(Bloomberg) — The Federal Reserve’s fight against inflation has veteran fund manager Mark Mobius warning that interest rates will soar to 9%.
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“If inflation is 8%, the playbook says you’ve got to raise rates higher than inflation, which means 9%,” the co-founder of Mobius Capital Partners told Bloomberg TV on Monday. While policy makers may not hike so aggressively should consumer prices soften, the 86-year-old investor said he doesn’t see inflation receding “anytime soon.”
The forecast is likely a reference of the Taylor Rule, a model which suggests an optimal policy rate by weighing price pressures and the labor market. The Fed is under pressure to handle the hottest inflation in 40 years after last week’s reading of September consumer prices came in above expectations. Other inflation readings have also remained elevated despite the Fed’s recent rate increases.
Still, Mobius’s warning goes far beyond what the Fed — and rates markets — now envision. Traders in fed funds futures are pricing in that the rate will peak near 5% in March. Market-derived expectations on the one-year inflation outlook have tumbled from as high as 6% in March to 3.2%, while the Bloomberg Commodity Index has tumbled from a peak in June thanks to a slowdown in global economic growth.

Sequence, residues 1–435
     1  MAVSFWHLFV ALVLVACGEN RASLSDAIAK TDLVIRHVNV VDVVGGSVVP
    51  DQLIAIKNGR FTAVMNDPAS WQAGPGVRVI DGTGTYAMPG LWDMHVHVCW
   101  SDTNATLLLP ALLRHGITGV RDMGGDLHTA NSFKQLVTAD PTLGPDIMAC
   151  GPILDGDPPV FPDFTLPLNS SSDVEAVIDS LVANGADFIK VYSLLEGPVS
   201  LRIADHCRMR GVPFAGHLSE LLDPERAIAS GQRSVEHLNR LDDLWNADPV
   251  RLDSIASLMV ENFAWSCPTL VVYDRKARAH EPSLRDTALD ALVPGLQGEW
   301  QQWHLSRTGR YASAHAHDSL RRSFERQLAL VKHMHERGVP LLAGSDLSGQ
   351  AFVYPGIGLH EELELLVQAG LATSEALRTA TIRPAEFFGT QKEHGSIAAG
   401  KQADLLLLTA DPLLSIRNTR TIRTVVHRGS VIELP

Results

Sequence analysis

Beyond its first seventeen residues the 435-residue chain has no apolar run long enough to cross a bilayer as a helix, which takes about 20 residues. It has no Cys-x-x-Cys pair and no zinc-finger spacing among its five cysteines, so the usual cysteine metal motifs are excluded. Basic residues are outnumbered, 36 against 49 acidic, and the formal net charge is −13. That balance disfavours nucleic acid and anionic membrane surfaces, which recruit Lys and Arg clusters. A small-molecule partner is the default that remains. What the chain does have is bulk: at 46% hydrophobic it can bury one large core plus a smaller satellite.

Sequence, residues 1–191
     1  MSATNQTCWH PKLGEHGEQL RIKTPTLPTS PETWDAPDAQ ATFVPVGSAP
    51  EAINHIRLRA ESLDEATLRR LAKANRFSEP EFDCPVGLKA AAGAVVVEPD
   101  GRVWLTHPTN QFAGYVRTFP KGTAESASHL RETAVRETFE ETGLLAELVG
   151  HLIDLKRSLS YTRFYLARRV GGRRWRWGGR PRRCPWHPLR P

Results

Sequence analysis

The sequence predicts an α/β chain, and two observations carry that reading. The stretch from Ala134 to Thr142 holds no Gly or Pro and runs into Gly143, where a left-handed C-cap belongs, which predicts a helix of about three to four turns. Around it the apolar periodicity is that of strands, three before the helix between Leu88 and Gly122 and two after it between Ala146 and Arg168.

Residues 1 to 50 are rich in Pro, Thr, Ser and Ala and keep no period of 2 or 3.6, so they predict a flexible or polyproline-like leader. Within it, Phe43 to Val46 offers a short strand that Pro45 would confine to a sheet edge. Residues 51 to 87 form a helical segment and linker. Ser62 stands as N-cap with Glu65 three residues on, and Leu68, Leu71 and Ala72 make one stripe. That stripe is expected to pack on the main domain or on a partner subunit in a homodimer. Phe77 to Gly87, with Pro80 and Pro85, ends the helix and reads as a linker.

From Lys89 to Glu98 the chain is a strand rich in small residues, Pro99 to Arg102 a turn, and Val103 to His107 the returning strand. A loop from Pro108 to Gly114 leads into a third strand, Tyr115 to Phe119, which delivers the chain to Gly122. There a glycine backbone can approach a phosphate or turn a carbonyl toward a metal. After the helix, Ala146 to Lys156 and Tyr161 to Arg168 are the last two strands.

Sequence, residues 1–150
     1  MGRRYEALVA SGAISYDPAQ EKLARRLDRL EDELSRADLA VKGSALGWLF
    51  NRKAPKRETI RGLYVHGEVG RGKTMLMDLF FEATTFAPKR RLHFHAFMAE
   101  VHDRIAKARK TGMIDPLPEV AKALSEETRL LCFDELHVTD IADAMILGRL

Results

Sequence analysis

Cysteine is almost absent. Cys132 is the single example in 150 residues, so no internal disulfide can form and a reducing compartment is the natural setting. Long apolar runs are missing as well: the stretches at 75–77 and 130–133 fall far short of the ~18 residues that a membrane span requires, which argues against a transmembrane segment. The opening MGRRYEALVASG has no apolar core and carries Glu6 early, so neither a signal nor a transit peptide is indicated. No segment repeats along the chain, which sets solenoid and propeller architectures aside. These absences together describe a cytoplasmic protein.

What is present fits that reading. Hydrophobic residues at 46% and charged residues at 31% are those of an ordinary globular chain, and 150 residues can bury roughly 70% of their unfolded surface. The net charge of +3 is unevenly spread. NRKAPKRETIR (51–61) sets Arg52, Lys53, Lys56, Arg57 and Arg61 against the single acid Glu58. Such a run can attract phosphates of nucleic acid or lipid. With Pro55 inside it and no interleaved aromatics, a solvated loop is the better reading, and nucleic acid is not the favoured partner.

Mobius also warned investors to take caution with commodities as demand from some key buyers could cool.
“People that are buying commodities are sitting on weaker and weaker currencies,” he said, referencing emerging-market and euro-area buyers. “You’re probably going to see a downturn in commodity prices.”
Mobius, well known for his emerging-markets investments, said he’s putting money to work in India, Taiwan, Brazil and “a little bit in Turkey, and also Vietnam.” He’s urging caution around companies with high debt-equity ratios, and those with low returns on capital.
“These are the two parameters that are very, very crucial in this day and age because of this problem with currencies and high inflation,” he said.
(Updates with trader expectations for US interest rates, inflation in fourth paragraph.)
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